The sustainable Finnish life

Sustainability is the word I have been thinking about during my first days in Finland.

The Finns are firmly connected with the nature of their country and appreciate that the world is responsible for giving them the resources we all need to live our daily lives. Finnish forests are an intrinsic part of their folklore, the native people of Finland having a strong connection with the world around them. In ancient history, when the Finns had to look for safety they would escape to the forest, not run away from it as you might expect.

Seeing the forest as protection means they practice sustainable forestry. You’d expect for a country covered in woods, 60% of the land area to be exact, that the temptation to use all the trees available for commercial use would be too great, but not for the Finns and their connection with nature. Logging is tightly regulated and must be sustainable for the landowners.

This results in that there are stunning national parks. Helsinki is the only capital city which is surrounded by three national parks, meaning the importance of them cannot be overstated for the residents.

Finland has the freest media in the world, with the second lowest perception of government corruption. It makes sense, therefore, that the journalists working here are held in higher regard than for example in the UK or France. Erwan from France says that the French journalists are held in lower regard than politicians.

The media has seen big changes because of the rise of internet video and on-demand streaming. MTV3 and other commercial broadcasters, which rely on viewing figures to raise advertising revenue, appear to be concerned as much as other commercial media companies about how they can survive in a Netflix world. Recently in the UK, Ofcom, the communications regulator, issued a warning to the three main public service broadcasters (BBC, ITV and Channel 4), that they must start appealing to younger, mobile and online viewers, or they will simply lose that audience permanently.

Finland has seen a big shift in its position within the European Union in the past few years. Once a big supporter of the European project, Finland is now moving to a more skeptical position under the direction of Timo Soini. His electoral success in Finland came as a surprise to much of the Finnish media and it shows how it is not just the UK where people are unhappy with aspects of the European Union. In the UK we are undergoing a fragile time in terms of international politics as our referendum on EU membership is coming in 2017 ̵ if not sooner. We don’t really hear about other countries that are getting less supportive of the European Union, we just discuss and debate our own membership. Mr. Soini’s view on the situation is: “I shall not say what the UK should vote for, it is a matter for them.”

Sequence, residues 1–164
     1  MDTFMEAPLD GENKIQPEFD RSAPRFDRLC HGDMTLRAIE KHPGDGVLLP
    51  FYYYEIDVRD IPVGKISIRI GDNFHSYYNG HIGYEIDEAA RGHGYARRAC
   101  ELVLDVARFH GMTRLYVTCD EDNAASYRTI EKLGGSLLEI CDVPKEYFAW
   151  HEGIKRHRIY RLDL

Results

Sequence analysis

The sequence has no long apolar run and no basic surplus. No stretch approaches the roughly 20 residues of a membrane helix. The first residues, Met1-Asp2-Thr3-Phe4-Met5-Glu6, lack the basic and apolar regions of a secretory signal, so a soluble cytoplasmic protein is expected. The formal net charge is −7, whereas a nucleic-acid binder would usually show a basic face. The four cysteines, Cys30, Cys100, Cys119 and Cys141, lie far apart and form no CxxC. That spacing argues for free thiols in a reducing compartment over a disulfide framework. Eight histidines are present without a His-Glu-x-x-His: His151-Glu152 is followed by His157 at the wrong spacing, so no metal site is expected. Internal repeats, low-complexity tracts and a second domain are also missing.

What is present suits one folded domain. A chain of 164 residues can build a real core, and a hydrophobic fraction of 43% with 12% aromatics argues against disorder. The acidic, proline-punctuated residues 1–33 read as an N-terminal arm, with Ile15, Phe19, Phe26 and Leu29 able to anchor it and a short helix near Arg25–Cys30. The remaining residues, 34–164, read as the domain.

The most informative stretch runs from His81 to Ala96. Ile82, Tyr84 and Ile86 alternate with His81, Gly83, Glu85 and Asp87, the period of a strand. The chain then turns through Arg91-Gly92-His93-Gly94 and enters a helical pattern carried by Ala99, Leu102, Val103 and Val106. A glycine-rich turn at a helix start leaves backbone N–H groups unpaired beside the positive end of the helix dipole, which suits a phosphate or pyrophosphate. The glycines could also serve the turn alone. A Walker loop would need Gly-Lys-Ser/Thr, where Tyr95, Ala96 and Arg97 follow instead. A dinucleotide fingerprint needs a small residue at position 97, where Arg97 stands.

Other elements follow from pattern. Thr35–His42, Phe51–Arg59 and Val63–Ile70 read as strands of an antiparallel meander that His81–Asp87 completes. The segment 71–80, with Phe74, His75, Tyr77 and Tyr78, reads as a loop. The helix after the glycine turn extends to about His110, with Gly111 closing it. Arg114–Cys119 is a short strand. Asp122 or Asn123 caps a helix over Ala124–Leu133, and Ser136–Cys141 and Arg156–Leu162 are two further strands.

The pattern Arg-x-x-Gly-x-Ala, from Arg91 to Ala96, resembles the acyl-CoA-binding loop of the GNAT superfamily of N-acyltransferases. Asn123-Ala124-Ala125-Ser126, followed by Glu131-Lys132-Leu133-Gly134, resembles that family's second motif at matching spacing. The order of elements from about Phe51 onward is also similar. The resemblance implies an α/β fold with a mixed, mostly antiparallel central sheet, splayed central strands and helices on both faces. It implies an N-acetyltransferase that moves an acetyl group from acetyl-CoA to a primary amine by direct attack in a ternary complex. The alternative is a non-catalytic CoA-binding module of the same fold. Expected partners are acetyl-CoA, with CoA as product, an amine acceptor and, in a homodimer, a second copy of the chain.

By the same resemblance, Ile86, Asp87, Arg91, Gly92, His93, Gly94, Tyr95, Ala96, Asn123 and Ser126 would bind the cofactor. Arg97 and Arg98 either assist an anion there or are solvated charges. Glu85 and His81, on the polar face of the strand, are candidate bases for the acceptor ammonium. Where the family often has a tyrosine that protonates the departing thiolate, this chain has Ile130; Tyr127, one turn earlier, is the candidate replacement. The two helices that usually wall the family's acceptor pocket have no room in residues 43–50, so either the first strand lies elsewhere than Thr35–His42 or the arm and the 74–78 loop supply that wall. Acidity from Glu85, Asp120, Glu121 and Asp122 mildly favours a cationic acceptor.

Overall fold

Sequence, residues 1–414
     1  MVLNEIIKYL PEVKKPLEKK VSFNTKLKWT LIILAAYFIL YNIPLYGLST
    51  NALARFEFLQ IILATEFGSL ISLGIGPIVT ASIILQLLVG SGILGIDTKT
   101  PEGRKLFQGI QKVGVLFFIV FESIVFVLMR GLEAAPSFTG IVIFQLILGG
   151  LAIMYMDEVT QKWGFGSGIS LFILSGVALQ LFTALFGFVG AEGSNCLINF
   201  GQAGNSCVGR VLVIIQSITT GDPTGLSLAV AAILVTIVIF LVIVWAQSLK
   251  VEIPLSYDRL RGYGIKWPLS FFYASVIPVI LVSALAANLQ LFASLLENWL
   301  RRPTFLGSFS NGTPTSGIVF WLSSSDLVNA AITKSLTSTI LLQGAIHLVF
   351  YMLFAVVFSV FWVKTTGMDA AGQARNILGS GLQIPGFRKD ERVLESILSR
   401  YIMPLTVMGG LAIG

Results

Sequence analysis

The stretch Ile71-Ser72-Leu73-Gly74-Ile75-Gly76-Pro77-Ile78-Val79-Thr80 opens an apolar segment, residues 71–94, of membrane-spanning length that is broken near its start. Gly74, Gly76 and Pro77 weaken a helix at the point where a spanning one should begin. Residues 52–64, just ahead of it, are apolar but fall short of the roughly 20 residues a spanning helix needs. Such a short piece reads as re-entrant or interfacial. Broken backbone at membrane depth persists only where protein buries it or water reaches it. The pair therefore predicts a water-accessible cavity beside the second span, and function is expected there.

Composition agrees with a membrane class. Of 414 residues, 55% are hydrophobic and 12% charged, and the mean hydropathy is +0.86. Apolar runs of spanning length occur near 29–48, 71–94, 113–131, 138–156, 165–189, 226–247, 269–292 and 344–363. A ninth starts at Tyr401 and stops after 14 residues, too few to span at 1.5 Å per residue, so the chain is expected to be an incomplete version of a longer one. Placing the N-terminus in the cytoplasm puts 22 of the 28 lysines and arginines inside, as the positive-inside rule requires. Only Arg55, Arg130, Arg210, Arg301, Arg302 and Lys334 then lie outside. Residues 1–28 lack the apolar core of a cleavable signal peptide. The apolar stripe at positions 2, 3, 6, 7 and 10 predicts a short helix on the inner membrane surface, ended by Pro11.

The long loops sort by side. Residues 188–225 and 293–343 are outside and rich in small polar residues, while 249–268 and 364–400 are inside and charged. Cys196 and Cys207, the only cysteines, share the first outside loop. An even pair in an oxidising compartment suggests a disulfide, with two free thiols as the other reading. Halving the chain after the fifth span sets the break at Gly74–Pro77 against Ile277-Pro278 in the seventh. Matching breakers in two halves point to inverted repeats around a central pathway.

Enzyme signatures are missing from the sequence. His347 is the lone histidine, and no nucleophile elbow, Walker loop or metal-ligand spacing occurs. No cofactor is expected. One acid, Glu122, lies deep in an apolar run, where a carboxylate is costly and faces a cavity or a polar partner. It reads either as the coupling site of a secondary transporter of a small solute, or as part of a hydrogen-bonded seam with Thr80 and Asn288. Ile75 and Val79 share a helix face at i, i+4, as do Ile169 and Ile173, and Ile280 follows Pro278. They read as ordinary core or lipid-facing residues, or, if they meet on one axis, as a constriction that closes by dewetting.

So far, it has been by far the best introduction to Finland. I just know that the next three weeks will be over far too quickly.

Day 1 included a meeting with the Minister for Foreign Affairs, mr. Timo Soini, and a visit to Nuuksio National Park, situated just outside Helsinki.
Day 1 included a meeting with the Minister for Foreign Affairs, Mr. Timo Soini, and a visit to Nuuksio National Park, situated just outside Helsinki.

Photos: Bruna Passos Amaral, Esha Chhabra, Mohammed Alfraj, Sabina Serikova

Richard - United Kingdom

Author: Richard - United Kingdom

Richard Morris is a young, ambitious journalist who has already demonstrated a broad range of skills and experience in different forms of media. He is currently employed by local TV and radio stations in Lincolnshire, UK. Richard has also contributed to the Guardian in the past.

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